In parallel, I did my university studies and became a school teacher in Angers, although I still felt that I had not fully found my way. It was in Angers that I first heard about the association "SOS Chrétiens d'Orient".
What is SOS Chrétiens d'Orient for you?
-In a way, you could say that it is my vocation. It came to me unexpectedly. One day, when I was teaching geography at the school where I worked, one of the students mentioned something about some young people who were going to Syria to celebrate Christmas with the Christian communities there. That caught my attention and attracted me from the first moment. So I asked for more information about these adventurers going to Syria and got in touch with them.
SOS Chrétien has given unity to my life, my aspirations, my faith and my inner energy. To put it simply, our objective is to try to ensure that Christians in the East can stay in their countries, it is their right. It is not a partial quest, it is a quest for the common good because Christians are, in general, a factor of peace and unity in these countries. In the West, we have been losing certain cultural and religious rites that structured our society, that gave a certain rhythm to our existence.
In the East, these rites and traditions continue to exist with the risk perhaps that they are being used only as symbols of belonging to a community, detached from the reasons for their existence. At the same time, in the East, evil is evident in the form of war and the persecutionsIn the West, evil, on the contrary, appears disguised as good, as rights, as tolerance, for example abortion or media persecution.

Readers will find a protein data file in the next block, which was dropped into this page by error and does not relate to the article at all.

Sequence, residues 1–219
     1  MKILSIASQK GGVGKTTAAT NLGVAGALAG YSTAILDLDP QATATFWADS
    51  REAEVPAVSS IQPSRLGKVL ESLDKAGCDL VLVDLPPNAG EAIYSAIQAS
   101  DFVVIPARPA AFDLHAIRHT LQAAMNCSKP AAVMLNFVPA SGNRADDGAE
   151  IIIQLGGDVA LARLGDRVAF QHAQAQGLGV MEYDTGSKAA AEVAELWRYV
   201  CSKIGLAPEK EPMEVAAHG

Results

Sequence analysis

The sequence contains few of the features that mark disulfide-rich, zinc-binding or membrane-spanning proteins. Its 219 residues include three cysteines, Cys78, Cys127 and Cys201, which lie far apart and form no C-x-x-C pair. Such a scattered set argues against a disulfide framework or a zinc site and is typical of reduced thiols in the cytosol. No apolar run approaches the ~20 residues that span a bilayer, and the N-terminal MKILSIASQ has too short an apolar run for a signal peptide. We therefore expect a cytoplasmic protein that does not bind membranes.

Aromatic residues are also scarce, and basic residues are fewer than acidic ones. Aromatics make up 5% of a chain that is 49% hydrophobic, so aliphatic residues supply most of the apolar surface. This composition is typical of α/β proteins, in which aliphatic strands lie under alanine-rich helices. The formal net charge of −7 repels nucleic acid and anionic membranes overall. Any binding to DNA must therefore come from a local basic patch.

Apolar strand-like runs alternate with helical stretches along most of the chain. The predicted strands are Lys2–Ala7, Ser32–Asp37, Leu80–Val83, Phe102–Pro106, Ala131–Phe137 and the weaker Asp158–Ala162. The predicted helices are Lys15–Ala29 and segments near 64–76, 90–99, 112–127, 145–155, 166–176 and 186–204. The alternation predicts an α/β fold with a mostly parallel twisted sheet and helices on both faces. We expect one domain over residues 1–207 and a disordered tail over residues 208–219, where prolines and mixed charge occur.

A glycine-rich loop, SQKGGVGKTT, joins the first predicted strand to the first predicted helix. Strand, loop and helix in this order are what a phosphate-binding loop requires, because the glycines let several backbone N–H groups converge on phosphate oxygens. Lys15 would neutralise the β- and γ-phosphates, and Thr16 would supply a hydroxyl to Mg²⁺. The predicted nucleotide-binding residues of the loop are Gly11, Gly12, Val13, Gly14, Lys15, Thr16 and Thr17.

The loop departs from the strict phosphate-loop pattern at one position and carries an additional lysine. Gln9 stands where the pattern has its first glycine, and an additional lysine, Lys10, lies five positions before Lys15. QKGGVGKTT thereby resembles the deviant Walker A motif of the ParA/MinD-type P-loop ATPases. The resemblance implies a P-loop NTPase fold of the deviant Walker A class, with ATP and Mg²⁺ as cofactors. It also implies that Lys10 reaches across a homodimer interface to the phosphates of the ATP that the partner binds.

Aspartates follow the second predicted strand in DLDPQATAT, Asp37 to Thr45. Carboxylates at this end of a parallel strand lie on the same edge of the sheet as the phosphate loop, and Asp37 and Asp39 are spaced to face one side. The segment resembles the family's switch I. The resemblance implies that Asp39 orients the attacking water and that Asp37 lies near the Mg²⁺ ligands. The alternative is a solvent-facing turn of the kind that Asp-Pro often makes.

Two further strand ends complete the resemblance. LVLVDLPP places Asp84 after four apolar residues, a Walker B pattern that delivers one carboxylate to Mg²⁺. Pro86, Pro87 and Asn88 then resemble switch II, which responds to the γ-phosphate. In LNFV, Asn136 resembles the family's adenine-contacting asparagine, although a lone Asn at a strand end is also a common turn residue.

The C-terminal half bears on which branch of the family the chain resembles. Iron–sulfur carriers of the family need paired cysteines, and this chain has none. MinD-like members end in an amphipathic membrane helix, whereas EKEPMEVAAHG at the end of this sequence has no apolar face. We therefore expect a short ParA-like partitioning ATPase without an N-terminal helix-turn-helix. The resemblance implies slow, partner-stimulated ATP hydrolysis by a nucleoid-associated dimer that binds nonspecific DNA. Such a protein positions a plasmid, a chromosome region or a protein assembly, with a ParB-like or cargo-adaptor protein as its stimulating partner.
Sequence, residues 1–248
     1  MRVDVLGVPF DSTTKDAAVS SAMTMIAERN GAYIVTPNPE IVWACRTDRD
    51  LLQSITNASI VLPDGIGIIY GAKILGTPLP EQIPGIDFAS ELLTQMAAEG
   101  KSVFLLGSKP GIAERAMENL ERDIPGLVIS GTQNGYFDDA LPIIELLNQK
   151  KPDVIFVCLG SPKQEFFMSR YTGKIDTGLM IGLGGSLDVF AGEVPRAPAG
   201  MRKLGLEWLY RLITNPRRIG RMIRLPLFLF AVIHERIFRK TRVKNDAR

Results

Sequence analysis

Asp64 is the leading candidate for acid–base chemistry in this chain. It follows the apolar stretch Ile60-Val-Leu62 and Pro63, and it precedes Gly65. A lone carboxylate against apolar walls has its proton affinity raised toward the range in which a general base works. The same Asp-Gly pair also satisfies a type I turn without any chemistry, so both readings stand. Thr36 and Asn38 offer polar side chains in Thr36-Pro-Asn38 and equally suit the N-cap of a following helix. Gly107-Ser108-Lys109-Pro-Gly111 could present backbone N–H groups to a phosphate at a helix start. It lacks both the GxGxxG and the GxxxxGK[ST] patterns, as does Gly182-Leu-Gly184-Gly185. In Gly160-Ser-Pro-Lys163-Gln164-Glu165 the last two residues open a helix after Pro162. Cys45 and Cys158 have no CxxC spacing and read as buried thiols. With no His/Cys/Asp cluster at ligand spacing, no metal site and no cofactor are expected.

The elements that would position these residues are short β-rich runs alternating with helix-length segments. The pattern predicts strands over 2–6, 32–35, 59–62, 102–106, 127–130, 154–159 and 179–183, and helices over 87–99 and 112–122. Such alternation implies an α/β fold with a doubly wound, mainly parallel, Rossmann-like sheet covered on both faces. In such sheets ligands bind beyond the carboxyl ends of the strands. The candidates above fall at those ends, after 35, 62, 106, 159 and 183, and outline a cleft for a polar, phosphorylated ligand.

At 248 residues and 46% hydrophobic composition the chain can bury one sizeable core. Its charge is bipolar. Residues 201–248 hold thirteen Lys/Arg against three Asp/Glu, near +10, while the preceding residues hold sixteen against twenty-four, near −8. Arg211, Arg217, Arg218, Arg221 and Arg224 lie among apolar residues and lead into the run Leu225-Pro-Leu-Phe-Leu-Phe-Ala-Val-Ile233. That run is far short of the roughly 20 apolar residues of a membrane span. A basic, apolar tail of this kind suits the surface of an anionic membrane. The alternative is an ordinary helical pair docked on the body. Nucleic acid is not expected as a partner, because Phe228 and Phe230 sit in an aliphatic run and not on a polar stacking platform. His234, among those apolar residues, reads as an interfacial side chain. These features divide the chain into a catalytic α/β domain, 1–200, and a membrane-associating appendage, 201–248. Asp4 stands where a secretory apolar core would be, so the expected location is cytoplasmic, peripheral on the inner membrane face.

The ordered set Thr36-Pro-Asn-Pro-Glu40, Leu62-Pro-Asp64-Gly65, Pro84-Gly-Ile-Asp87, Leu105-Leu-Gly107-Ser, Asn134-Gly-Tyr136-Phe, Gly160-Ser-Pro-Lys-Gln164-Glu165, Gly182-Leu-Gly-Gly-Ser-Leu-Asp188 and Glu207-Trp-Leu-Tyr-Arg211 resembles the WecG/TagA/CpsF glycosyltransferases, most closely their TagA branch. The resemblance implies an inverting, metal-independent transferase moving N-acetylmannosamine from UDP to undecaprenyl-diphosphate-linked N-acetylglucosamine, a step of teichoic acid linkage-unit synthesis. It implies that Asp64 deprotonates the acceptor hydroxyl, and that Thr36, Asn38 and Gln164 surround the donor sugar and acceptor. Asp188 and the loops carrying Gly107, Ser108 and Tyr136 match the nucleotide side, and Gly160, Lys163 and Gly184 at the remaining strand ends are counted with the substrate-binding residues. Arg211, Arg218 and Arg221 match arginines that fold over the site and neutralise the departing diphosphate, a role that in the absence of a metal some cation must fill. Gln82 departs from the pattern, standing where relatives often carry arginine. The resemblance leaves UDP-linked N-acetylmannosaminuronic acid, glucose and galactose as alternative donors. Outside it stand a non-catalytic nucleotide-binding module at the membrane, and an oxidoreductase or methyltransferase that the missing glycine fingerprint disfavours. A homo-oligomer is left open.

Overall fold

More generally and historically, but no less spiritually, France has played an important role in the protection of Eastern Christians since the time of King St. Louis. This is also the framework of our work. My mission within SOS Chrétiens d'Orient is to be responsible for international development. We send many young volunteers to countries in the East where there are Christian communities.
How was your kidnapping?
-To know all the details you have to read my book, that's why I wrote it (laughs). We were in Baghdad with two other volunteers to do some administrative work for our association and, waiting in a street in the car, some militias approached us, put us in some vans and from there we didn't stop: changes of places and circumstances, without knowing what was going on.
The concrete details are important, but the spiritual factor is undoubtedly fundamental. I realized that at any moment we could die and I needed to go to confession. I realize the value of being able to go to this sacrament when one wants to. During those moments of captivity, I remembered the Ignatian retreat I had made and the main ideas: in his anguish, God visits man; silence imposes you to be in front of yourself, you cannot hide. God was there and that changed my life forever.
At the end of March 2020, when the confinement was decreed and thanks to diplomatic efforts, we were released.